A Remarkable Perspective on Early Death

It’s strange how sometimes I have a thing on my mind, and the next time I open God’s Word, the first verse I read is that very thing.  Spooky?

God is privy to our thoughts, so He often takes part in our inner conversations…even before we ask Him.

I’d always heard that sometimes God allows a death as a way of protecting the departed from something in their future…something bad…something horrible they’d have to endure.  Does that thought comfort you?

And, that’s what I woke up thinking about that morning this week – and the fact that a friend lost her father after a battle with cancer.  Don’t we all hate that C word?!  I don’t believe there’s anyone who hasn’t been touched by it.

While my friend’s father lived a long, full life before passing, many die “before their time”.  From a human perspective, we think of anything shorter than dying in old age as dying early.  Even Isaiah called it that in this passage.

ISAIAH 57.1-2

This is a sideline to today’s point, but nothing is before their time  from God’s perspective.  He’s already set our days and knows exactly the day and hour we’ll leave this earth.  (So, if it’s already set,  it can’t actually be early, right?)

When I read verse one, I underlined it quickly so I could find it again later…the proof that what I’d heard all my life is truth – God’s Truth.  There it was, in black and white, the thing I myself had believed even without knowing exactly where it is in the Bible.

…that God is protecting them from the evil to come.

Death is always a hard thing to deal with.  In the past, it comforted me to think there must have been something ahead that would have been horrible for that person to endure, so God took them on to heaven to be with Him there.  Back then, there was the question in the back of my mind.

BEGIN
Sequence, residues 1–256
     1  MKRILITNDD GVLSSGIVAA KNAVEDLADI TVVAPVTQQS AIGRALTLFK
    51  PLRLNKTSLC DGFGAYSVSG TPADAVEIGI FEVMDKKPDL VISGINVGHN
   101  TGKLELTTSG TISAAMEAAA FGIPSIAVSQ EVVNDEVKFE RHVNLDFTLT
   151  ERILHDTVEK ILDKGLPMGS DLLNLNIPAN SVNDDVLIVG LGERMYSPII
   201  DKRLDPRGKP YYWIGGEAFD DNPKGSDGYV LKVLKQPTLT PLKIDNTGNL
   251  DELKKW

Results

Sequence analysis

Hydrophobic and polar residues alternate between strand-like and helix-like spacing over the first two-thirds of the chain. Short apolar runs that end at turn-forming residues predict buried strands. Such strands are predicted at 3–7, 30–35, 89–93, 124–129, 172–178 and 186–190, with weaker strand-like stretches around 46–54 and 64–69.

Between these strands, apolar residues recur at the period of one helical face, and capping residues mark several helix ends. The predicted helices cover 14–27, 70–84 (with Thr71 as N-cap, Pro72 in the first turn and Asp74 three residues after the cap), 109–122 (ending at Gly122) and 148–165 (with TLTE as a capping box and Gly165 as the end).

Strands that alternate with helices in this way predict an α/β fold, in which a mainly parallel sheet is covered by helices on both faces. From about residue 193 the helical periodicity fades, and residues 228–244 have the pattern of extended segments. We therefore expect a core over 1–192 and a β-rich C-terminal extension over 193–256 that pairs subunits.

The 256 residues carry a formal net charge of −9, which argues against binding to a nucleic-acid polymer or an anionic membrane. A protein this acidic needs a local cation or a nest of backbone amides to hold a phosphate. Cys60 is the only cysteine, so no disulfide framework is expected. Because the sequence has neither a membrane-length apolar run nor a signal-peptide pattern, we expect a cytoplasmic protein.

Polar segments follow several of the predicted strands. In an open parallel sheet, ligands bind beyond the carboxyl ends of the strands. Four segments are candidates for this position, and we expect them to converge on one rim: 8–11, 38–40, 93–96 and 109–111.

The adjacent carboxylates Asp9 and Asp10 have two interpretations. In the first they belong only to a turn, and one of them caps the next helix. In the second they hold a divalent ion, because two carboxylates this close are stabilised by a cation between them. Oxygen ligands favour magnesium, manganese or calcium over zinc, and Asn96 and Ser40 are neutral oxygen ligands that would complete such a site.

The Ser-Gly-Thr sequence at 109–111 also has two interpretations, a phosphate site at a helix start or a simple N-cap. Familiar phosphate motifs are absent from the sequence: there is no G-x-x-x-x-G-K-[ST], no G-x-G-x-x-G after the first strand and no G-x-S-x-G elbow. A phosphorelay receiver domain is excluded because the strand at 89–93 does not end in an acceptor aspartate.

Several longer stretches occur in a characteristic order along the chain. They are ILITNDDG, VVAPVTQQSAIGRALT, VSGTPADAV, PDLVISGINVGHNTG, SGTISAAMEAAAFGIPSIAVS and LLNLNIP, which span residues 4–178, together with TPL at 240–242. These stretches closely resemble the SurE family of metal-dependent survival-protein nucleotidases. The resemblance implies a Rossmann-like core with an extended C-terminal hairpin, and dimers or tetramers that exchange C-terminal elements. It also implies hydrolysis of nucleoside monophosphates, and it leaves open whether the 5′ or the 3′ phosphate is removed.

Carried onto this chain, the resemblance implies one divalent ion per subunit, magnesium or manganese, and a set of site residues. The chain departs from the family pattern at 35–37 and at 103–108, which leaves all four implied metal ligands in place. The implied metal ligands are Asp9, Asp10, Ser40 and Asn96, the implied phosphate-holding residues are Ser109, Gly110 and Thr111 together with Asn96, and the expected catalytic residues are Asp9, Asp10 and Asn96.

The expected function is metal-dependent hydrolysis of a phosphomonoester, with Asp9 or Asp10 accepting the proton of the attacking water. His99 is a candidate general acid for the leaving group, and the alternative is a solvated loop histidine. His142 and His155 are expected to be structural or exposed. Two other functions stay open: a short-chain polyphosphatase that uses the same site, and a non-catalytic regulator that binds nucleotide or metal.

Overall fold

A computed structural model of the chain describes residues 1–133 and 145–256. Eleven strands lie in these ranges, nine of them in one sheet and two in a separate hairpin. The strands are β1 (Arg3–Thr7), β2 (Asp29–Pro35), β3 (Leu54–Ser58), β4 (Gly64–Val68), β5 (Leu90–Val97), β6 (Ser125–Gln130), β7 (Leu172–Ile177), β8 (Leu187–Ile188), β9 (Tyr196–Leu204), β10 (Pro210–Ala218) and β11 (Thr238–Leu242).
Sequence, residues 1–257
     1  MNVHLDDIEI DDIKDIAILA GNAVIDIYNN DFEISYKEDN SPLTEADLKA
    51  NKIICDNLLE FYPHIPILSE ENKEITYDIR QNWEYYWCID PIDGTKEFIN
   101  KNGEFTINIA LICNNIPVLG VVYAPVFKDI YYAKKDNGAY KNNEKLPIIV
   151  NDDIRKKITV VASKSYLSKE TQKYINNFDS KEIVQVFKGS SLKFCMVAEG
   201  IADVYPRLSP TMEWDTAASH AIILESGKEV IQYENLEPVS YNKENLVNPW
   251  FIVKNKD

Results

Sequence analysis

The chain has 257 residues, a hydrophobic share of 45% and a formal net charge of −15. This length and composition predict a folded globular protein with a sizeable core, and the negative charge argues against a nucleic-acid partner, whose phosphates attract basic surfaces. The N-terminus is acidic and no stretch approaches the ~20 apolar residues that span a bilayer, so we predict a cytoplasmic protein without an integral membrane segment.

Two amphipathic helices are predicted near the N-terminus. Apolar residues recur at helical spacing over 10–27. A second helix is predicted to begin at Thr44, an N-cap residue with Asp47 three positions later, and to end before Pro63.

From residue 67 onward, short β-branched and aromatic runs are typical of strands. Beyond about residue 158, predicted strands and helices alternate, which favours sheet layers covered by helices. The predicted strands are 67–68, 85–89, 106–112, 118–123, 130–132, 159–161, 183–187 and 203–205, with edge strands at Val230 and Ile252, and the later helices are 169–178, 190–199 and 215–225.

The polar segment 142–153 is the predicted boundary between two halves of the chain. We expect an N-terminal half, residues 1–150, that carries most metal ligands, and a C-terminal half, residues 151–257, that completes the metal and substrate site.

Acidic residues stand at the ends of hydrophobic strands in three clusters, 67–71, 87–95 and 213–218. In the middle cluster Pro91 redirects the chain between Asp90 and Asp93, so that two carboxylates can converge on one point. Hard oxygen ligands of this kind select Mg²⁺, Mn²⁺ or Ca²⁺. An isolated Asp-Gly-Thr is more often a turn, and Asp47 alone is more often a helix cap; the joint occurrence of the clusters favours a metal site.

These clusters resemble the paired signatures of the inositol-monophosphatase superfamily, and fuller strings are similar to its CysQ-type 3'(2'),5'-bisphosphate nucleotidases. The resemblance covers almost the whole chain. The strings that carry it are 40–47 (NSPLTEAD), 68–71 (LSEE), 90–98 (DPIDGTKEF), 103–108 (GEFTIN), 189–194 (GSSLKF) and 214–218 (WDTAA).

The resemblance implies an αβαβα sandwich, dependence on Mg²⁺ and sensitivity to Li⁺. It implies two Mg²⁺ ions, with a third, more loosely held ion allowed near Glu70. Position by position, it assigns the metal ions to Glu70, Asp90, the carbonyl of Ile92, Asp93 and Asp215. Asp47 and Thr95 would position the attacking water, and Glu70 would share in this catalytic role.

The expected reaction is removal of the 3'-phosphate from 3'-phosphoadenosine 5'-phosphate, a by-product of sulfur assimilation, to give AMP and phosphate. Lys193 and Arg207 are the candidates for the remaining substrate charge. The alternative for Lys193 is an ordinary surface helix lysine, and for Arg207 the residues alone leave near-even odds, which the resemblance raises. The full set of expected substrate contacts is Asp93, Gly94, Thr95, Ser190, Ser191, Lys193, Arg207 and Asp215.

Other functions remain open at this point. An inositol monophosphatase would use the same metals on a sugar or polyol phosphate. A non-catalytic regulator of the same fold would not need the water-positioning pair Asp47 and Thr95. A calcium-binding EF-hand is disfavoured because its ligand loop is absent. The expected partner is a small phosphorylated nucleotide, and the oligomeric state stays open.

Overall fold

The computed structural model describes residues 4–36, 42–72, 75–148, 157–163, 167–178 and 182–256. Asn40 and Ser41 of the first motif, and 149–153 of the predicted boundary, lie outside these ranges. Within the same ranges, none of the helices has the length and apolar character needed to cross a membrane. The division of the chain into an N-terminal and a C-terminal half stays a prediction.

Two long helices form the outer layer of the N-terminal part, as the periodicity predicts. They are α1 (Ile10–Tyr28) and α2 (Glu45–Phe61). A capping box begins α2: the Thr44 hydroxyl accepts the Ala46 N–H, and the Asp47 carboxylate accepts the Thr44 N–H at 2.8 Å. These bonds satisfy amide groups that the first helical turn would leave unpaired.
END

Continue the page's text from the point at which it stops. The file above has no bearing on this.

Is that really true?  Does God really do that?

Well, now we see the verse that backs it up.  Does it comfort you to think of death in this way?

Verse two is even more of a comfort…that those who followed godly paths are resting in peace…just as we who do the same will rest in peace someday, too.





  1. Ellen says

    I guess that’s a help. I’ll have to work on it. I lost my son. He left a wife and two very young children. Six years and I, we, are all deeply permanently changed.
    Thank you.

    • says

      I’m sorry, Ellen. There’s not anything that can “fix” your grief other than God Himself. I haven’t lost a child to death, so I can’t know exactly what you’re going through. HH and I have suffered devastating loss, though, and I can say the Lord got us through even our darkest of days…many of which I wished I didn’t have to live the future that looked to be ahead – without our child in our lives. Living without your child isn’t what we expect, and while others celebrate all things new in the lives of their children, we stand by in sadness and sorrow because we’ll not experience those things. I’ve never known anything more painful! But…God held us in our grief. I pray you find that in Him, as well.

  2. Mary says

    Thanks, Kim. I lost my mother 4 years ago and my life changed forever. I have 2 things I read in addition to Psalm 23, John 14 and The Lord’s Prayer. “Grief never ends. It’s a passage, not a place to stay. Grief is not a sign of weakness, nor a lack of faith- It is the price of love. There is great grief where there is great love.” “The reality is you will grieve forever. You will not ‘get over’ the loss of a loved one; you will learn to live with it. You will heal and you will rebuild yourself around the loss you have suffered. You will be whole again but you will never be the same again nor should you be the same nor should you want to.” These offer me comfort.

    • says

      I’m so sorry, Mary. What a beautiful description. Thanks for sharing that, and you probably helped others by your comment, as well.